abstract = "The medial prefrontal cortex (mPFC) plays a major role in both sensory and affective aspects of pain. There is extensive evidence that chronic pain produces functional changes within the mPFC. However, our understanding of local circuit changes to defined subpopula-tions of mPFC neurons in chronic pain models remains unclear. A major subpopulation of mPFC neurons project to the periaqueductal gray (PAG), which is a key midbrain structure involved in endogenous pain suppression and facilitation. Here, we used laser scanning photostimulation of caged glutamate to map cortical circuits of retrogradely labeled cortico-PAG (CP) neurons in layer 5 (L5) of mPFC in brain slices prepared from male mice having undergone chronic constriction injury (CCI) of the sciatic nerve. Whole-cell recordings revealed a significant reduction in excitability for L5 CP neurons contralateral to CCI in the prelimbic (PL), but not infralimbic (IL), region of mPFC. Circuit mappingshowedthat excitatoryinputs toL5CPneurons inbothPLandILaroseprimarilyfromlayer 2/3(L2/3) andwere significantly reduced in CCI mice. Glutamate stimulation of L2/3 and L5 elicited inhibitory inputs to CP neurons in both PL and IL, but only L2/3 input was significantly reduced in CP neurons of CCI mice. We also observed significant reduction in excitability and L2/3 inhibitory input to CP neurons ipsilateral to CCI. These results demonstrating region and laminar specific changes to mPFC-PAG neurons suggest that a unilateral CCI bilaterally alters cortical circuits upstream of the endogenous analgesic network, which may contribute to persistence of chronic pain.",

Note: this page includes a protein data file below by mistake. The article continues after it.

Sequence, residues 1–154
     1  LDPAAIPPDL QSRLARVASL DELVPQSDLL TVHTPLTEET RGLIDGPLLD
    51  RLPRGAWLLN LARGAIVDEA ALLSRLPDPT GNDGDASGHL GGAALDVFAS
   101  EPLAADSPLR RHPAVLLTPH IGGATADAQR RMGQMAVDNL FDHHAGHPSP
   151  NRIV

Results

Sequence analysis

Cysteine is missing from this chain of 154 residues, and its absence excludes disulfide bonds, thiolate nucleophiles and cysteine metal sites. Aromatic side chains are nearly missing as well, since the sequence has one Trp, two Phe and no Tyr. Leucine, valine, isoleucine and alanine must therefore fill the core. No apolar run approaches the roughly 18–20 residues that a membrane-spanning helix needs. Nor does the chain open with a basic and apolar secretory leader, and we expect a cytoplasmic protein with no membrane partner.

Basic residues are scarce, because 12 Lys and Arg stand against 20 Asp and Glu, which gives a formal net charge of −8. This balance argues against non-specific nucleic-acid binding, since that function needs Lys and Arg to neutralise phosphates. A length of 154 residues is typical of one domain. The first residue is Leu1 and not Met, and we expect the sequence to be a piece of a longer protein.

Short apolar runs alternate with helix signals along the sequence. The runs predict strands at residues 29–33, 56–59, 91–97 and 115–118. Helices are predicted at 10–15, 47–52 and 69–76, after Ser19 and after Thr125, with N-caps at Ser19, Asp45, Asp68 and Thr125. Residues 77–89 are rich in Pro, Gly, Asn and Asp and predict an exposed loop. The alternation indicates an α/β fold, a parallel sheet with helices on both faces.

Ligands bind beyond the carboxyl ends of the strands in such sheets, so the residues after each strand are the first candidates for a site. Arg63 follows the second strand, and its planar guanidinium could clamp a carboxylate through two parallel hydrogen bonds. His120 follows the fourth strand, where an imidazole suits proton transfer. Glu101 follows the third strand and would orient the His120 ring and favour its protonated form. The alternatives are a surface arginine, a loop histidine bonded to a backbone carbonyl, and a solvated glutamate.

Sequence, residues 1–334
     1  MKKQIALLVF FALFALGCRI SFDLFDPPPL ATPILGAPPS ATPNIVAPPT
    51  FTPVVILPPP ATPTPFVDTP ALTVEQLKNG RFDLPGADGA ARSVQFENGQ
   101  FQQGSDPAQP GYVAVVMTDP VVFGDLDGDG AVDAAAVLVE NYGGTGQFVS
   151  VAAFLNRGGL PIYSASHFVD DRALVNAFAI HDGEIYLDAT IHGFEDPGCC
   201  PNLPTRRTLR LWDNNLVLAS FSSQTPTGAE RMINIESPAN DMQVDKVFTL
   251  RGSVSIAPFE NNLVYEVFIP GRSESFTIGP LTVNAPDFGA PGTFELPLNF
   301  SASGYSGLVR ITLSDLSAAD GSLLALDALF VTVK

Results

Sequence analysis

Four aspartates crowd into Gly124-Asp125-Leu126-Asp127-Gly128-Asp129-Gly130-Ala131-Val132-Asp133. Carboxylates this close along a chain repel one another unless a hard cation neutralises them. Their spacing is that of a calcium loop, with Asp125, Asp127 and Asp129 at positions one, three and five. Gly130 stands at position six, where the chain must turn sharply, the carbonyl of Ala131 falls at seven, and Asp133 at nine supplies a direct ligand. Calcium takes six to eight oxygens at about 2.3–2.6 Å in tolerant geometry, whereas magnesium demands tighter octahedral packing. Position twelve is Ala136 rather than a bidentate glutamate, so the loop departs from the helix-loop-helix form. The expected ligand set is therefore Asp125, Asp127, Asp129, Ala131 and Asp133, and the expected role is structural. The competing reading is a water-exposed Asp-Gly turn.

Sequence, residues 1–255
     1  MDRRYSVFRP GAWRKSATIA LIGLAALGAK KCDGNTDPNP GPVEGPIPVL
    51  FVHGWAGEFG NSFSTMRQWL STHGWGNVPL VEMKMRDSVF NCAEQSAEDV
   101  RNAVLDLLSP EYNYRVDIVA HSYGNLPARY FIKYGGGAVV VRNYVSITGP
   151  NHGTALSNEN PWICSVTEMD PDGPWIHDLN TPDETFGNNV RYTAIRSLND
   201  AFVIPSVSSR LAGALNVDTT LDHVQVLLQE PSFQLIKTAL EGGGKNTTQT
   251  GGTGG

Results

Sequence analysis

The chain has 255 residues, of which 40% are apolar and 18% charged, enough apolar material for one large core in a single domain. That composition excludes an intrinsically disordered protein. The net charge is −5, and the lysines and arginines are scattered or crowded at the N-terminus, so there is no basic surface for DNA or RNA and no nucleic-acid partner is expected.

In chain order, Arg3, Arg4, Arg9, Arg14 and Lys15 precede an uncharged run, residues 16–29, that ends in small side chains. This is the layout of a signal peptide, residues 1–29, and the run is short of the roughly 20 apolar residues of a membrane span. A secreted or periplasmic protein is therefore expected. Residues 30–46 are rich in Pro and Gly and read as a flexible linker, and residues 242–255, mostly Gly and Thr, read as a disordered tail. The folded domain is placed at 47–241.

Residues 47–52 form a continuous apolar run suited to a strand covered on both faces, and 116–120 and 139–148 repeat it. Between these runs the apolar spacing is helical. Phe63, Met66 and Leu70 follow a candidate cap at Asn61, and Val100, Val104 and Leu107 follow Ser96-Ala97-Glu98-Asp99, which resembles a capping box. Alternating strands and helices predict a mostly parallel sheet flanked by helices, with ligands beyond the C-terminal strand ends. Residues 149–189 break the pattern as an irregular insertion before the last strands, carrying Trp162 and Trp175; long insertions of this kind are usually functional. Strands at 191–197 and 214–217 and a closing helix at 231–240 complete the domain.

keywords = "Circuit mapping, Mouse, MPFC, Nerve injury, Neuropathic pain, PAG",
author = "John Cheriyan and Patrick Sheets",
year = "2018",
month = "5",
day = "16",
doi = "10.1523/JNEUROSCI.2731-17.2018",
language = "English (US)",
volume = "38",
pages = "4829--4839",
journal = "Journal of Neuroscience",
issn = "0270-6474",
publisher = "Society for Neuroscience",
number = "20",

}

TY - JOUR

T1 - Altered excitability and local connectivity of mPFC-PAG neurons in a mouse model of neuropathic pain

AU - Cheriyan, John

AU - Sheets, Patrick

PY - 2018/5/16

Y1 - 2018/5/16